For seniors on championship caliber teams, they know that their final season is really their last chance to accomplish a goal that they’ve been trying to achieve ever since they entered high school. In addition to that last year being it for high school sports, it’s just another reason why that last year that they have can mean so much to them.

“That last season was really important because I knew that it was our last shot to accomplish the goal we’ve had for the last four years,” Brandon Ahlgren, senior offensive lineman, said. “It was also a year for redemption since we had lost the year before we all had a fire burning in us to get it done.”

Unfortunately, not every senior season ends with a win. Some bumps in the road prove to be too much for even the best teams to handle. When a season ends early it’s the worst, especially for a team who expected to go a lot farther.

“The loss (in the semi finals) was really tough on all the seniors having worked so hard all year. It was devastating knowing that was our last time together on the field playing West Linn lacrosse.” Connor Obrien, senior on the lacrosse team, said. “Most of the seniors have been playing together since third and fourth grade and haven’t faced many losses while growing up together so it definitely was a learning experience, but now something to dwell on and over shadow our success in the past years.”

No matter the outcome of a student athlete’s final season, the hardest part might be having to realize that this is your last time being teammates with the people that you’ve been side by side with, playing next to, working with, and training with since second grade. They are the people who you’ve known the longest, the people who you’ve spent the most time with, and they could just be your best friends too.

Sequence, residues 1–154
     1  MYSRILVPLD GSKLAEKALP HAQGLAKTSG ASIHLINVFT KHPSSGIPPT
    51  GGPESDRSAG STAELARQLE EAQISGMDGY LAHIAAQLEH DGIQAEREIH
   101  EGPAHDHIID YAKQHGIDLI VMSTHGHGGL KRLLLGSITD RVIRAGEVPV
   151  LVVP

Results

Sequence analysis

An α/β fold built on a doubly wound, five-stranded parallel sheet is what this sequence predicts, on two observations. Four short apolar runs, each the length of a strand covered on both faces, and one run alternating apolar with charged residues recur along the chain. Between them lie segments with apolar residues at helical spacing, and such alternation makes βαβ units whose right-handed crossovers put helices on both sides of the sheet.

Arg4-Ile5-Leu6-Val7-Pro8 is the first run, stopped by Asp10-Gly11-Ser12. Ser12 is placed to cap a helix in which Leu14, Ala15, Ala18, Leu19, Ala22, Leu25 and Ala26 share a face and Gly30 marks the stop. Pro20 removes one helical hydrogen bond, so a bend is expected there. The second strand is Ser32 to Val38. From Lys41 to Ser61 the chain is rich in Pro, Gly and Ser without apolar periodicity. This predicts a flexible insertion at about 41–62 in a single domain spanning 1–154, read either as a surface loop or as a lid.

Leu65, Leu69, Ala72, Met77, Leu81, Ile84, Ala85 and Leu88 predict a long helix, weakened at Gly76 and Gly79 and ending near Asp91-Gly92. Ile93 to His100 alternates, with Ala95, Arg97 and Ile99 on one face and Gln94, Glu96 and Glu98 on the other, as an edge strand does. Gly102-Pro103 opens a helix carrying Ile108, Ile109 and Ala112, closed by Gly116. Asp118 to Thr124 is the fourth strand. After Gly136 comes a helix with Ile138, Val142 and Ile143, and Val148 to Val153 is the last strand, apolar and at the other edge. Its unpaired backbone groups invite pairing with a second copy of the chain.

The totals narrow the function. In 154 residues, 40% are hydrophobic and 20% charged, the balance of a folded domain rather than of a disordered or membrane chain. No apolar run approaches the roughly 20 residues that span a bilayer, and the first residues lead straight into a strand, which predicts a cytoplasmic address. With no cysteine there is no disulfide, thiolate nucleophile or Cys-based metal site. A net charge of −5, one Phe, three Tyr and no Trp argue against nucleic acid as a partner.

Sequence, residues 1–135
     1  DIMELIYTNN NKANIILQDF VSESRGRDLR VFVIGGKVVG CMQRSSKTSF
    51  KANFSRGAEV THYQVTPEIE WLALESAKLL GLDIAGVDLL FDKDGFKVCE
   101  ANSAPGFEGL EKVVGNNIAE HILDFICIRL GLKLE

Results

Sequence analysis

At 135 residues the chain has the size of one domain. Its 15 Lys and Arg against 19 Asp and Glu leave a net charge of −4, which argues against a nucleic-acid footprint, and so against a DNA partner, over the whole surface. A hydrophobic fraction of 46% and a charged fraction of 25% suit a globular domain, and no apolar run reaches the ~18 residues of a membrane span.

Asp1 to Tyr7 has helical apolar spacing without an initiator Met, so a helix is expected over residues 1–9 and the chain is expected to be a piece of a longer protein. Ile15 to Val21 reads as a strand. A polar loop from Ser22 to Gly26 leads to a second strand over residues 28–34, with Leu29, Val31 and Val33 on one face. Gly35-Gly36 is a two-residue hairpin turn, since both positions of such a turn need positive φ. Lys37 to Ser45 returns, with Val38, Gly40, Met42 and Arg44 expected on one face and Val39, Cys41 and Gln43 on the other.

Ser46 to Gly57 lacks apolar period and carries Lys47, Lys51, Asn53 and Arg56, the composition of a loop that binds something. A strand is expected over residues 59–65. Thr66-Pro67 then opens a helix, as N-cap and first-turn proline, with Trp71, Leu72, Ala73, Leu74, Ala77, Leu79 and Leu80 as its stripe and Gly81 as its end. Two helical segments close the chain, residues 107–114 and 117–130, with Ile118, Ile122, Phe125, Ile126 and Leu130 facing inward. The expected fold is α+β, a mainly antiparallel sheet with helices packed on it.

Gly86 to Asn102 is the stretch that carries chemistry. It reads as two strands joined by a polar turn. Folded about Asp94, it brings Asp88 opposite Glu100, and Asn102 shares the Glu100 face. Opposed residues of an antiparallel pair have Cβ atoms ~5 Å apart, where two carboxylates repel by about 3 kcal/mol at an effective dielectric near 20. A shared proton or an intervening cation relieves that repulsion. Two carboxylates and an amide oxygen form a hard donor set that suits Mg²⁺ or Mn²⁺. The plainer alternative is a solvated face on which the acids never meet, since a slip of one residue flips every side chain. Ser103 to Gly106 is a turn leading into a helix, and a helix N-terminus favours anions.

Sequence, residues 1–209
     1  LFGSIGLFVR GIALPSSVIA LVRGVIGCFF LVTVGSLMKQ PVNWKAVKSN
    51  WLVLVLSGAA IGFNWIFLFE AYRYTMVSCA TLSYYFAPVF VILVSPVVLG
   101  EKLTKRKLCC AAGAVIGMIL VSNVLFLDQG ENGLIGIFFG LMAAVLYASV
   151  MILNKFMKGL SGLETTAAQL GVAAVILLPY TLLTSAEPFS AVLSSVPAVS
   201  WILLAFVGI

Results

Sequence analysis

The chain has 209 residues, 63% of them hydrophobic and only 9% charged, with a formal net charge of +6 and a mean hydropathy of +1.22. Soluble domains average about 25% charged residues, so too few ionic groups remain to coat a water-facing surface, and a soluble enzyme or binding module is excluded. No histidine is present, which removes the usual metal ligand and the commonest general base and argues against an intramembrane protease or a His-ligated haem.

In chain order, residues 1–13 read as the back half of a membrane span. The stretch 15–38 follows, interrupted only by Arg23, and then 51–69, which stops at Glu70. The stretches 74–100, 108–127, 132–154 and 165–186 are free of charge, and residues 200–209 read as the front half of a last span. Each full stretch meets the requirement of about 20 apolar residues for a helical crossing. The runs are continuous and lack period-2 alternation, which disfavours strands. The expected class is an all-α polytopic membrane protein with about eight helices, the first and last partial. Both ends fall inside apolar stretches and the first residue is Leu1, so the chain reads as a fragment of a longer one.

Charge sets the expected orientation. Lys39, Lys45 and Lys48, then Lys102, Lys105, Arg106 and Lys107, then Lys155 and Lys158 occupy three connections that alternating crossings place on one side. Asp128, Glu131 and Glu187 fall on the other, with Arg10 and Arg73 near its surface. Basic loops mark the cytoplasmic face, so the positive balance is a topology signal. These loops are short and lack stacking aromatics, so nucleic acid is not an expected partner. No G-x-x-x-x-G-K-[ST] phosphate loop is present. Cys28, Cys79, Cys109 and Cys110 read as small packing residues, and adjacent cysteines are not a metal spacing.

“My senior season created a ton of lifelong friendships with my brothers out on the field that I will never forget.” Elijah Gaunt, senior lacrosse player, said.

One thing sports does really well is create lifelong bonds with the people that you play with. The friendships that are created are something really special, and at the end of that final season, it’s often pretty hard to say goodbye to that.

One more hard part of your last senior season is realizing that after all this, you have to say goodbye to your city too. The place that you’ve grown up in and played for over the course of an athletic career will no longer be your home, and you won’t be wearing the city name across your chest on game days. It’s a weird concept to think about, but it’s one that every athlete has to go through eventually.

“Senior season was really special for me because it was my last chance to play with all the girls that I’ve grown up with.” Summer Marshall, senior and state of Oregon runner up in women’s golf, said. “ High school golf has been an experience that I’ll never forget and I’m so proud to have been a Lion for the last four years.”

Sports are a great thing. They teach real life lessons, they create bonds that will last forever, and they give you incredible moments that you will never forget. As the high school year begins to wrap up and seniors prepare for the next chapter of their lives, it’s always fun to look back on our four years of high school and think about all of the great times. All of the memorable moments, on and off the field, will be things that we talk about for the rest of our lives. Senior year comes and goes fast and your final season of high school sports does too. Never take anything for granted and soak up every single second that you get to be here because in the blink of an eye, it will all be over and all you’ll have are the memories.

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The independent student media site of West Linn High School
An athlete’s senior season